Tuesday, November 9, 2004

Editor’s note: This article was initially published in The Daily Gazette, Swarthmore’s online, daily newspaper founded in Fall 1996. As of Fall 2018, the DG has merged with The Phoenix. See the about page to read more about the DG.

The Daily Gazette
Swarthmore College
Tuesday, November 9, 2004
Volume 9, Number 47

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1) Eben Moglen ’80 discusses the state of freedom

2) Faculty panel discusses Darfur genocide, students urge action

3) World news roundup

4) Campus events


1) Men’s soccer to play in ECAC championships

2) Women’s soccer names two to All-Centennial Conference squad

3) Upcoming contests


Today: Sunny. High of 44.
So apparently there was a freeze warning for this morning.

Tonight: Clear. Low of 29.
The world has entered that awful state of “pre-winter”:

Tomorrow: Sunny. High of 46.
We are taunted with cold without receiving the fun consolation of snow.


Lunch: Open face turkey ham sandwiches, curly fries, veggie chili, open face vegetarian sandwich, green beans, mixed vegetables, pumpkin mushroom, cream of tomato, Asian chicken salad bar, marble cake

Dinner: Fish of the day, corn pudding, broccoli mushroom stir fry, veggie strata, peas and onions, brussel sprouts, cajun bar, cheesecake


1) Eben Moglen ’80 discusses the state of freedom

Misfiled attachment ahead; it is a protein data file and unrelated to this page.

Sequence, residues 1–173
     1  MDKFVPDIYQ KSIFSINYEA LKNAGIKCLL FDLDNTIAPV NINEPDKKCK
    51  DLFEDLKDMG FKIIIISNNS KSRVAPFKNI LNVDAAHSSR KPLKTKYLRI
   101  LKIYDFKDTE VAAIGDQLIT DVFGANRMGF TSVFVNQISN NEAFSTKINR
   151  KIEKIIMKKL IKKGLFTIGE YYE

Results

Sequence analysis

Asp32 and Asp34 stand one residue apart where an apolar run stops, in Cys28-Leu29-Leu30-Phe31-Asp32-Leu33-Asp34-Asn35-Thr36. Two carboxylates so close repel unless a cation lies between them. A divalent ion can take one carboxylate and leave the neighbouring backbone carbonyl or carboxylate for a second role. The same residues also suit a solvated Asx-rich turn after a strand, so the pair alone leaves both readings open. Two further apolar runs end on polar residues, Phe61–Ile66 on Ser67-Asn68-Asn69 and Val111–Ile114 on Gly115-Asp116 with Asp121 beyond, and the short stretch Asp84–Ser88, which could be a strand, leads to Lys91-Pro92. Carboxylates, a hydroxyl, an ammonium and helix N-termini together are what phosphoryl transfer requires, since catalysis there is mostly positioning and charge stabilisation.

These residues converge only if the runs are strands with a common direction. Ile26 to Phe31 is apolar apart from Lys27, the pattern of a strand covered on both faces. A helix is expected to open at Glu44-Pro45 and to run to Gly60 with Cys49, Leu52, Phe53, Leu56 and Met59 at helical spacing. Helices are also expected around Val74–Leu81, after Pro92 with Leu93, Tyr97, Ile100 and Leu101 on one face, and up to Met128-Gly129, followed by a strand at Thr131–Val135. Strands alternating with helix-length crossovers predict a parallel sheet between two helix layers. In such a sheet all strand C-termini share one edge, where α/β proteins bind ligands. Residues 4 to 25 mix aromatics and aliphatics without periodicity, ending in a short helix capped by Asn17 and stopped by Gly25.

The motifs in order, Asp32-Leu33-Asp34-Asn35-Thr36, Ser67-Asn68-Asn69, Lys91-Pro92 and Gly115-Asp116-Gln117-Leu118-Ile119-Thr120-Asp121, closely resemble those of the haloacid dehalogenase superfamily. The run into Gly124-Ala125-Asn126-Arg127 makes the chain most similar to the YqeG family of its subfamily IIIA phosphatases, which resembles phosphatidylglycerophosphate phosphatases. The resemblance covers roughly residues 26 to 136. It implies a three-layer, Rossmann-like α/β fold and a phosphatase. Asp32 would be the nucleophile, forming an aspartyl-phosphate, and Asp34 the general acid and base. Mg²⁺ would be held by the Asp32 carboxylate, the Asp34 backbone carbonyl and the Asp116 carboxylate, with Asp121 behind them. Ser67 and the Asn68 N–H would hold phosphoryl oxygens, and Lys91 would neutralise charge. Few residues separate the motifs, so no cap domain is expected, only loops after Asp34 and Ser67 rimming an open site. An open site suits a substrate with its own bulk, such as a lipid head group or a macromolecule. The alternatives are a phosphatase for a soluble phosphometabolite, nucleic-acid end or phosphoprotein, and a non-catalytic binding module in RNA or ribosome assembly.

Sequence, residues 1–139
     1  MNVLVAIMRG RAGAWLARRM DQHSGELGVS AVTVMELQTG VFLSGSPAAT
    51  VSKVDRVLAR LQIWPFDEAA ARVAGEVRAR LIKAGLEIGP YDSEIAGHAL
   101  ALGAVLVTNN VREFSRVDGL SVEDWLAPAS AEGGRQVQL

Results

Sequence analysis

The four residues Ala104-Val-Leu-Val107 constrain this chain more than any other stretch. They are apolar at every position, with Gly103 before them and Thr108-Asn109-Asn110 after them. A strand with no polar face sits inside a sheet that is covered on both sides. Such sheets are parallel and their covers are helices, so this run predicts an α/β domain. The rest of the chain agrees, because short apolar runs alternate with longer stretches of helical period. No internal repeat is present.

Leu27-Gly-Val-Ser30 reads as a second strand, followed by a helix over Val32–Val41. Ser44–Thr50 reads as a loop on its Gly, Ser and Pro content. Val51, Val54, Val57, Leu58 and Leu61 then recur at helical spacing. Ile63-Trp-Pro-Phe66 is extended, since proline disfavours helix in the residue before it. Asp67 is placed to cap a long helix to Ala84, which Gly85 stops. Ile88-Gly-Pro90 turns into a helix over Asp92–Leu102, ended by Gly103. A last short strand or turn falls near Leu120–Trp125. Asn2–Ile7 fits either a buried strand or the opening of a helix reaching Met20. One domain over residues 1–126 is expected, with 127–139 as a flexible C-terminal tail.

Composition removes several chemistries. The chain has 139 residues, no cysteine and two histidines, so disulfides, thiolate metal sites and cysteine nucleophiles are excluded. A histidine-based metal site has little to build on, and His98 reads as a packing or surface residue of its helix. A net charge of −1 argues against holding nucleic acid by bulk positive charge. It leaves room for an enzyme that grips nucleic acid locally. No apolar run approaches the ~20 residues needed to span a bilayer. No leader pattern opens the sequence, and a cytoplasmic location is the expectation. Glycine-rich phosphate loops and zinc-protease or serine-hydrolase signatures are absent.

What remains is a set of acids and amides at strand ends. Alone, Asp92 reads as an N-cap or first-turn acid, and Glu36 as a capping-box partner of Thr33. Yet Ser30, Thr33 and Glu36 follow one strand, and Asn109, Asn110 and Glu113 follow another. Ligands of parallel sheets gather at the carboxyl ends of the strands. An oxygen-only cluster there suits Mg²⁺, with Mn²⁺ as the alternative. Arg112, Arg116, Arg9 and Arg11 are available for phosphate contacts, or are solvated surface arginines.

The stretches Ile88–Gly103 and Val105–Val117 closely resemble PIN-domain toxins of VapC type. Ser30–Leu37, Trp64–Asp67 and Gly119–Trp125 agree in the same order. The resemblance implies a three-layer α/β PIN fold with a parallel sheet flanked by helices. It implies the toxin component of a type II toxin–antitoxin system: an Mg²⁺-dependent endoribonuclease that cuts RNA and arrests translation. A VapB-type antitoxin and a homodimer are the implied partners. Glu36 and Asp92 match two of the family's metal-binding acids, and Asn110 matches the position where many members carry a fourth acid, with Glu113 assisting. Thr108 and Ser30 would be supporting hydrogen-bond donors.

by Andrew Quinton
Gazette Reporter

Free Culture Week kicked off last night as Eben Moglen ’80, a law professor at Columbia University and a longtime defender of the free culture movement, discussed why he believes that the “free union” is doing very well indeed and offered reasons why freedom will continue to expand in America.

A predominantly male crowd of about 20 gathered in SCI 183 to listen to Moglen’s “state of the free union” address. “The state of the free union is strong,” he began, and then outlined the reasons why four facets of the freedom movement: Free software, free hardware, free culture, and free spectrum, have been doing well. Moglen believes that there will never be another new proprietary system in the style of Windows; all future OS’s will be freely distributed like Linux is today. On the culture side, Congress is becoming increasingly disturbed by the increasing consolidation of ownership of media and cultural outlets. At some point, they may act to break up the media conglomerates which would open up the industry. Globalization has also worked to further freedom, as anti-American sentiment around the world lowers the respect and obedience for American copyright laws (which are quite restrictive compared to similar laws around the world). “Intellectual property means people dying because the drugs they need are copyrighted and are priced too highly for people to afford,” Moglen said. “People are getting angry.” He also noted that Brazil, the world’s 8th largest economy, has “copylefted” all software, meaning that all software in Brazil must be free. Summing up the state of affairs, Moglen noted that “Our union is strong because their union is weak.”

“We’ve built capital, and now we’re going to spend it,” was Moglen’s description of how the movement plans to force the creation of pro-freedom legislation. Microsoft was a target of several criticisms and witticisms throughout the talk. According to Moglen, Microsoft Office is not designed for the modern office and will soon be supplanted by free software. On the free hardware side of things, Moglen expressed the need to reassert the right of an individual to have complete control over the hardware they buy; overt spyware and more subtle invasions of computing privacy must be stopped. This is a conservative viewpoint, but it fits into the general idea of freedom.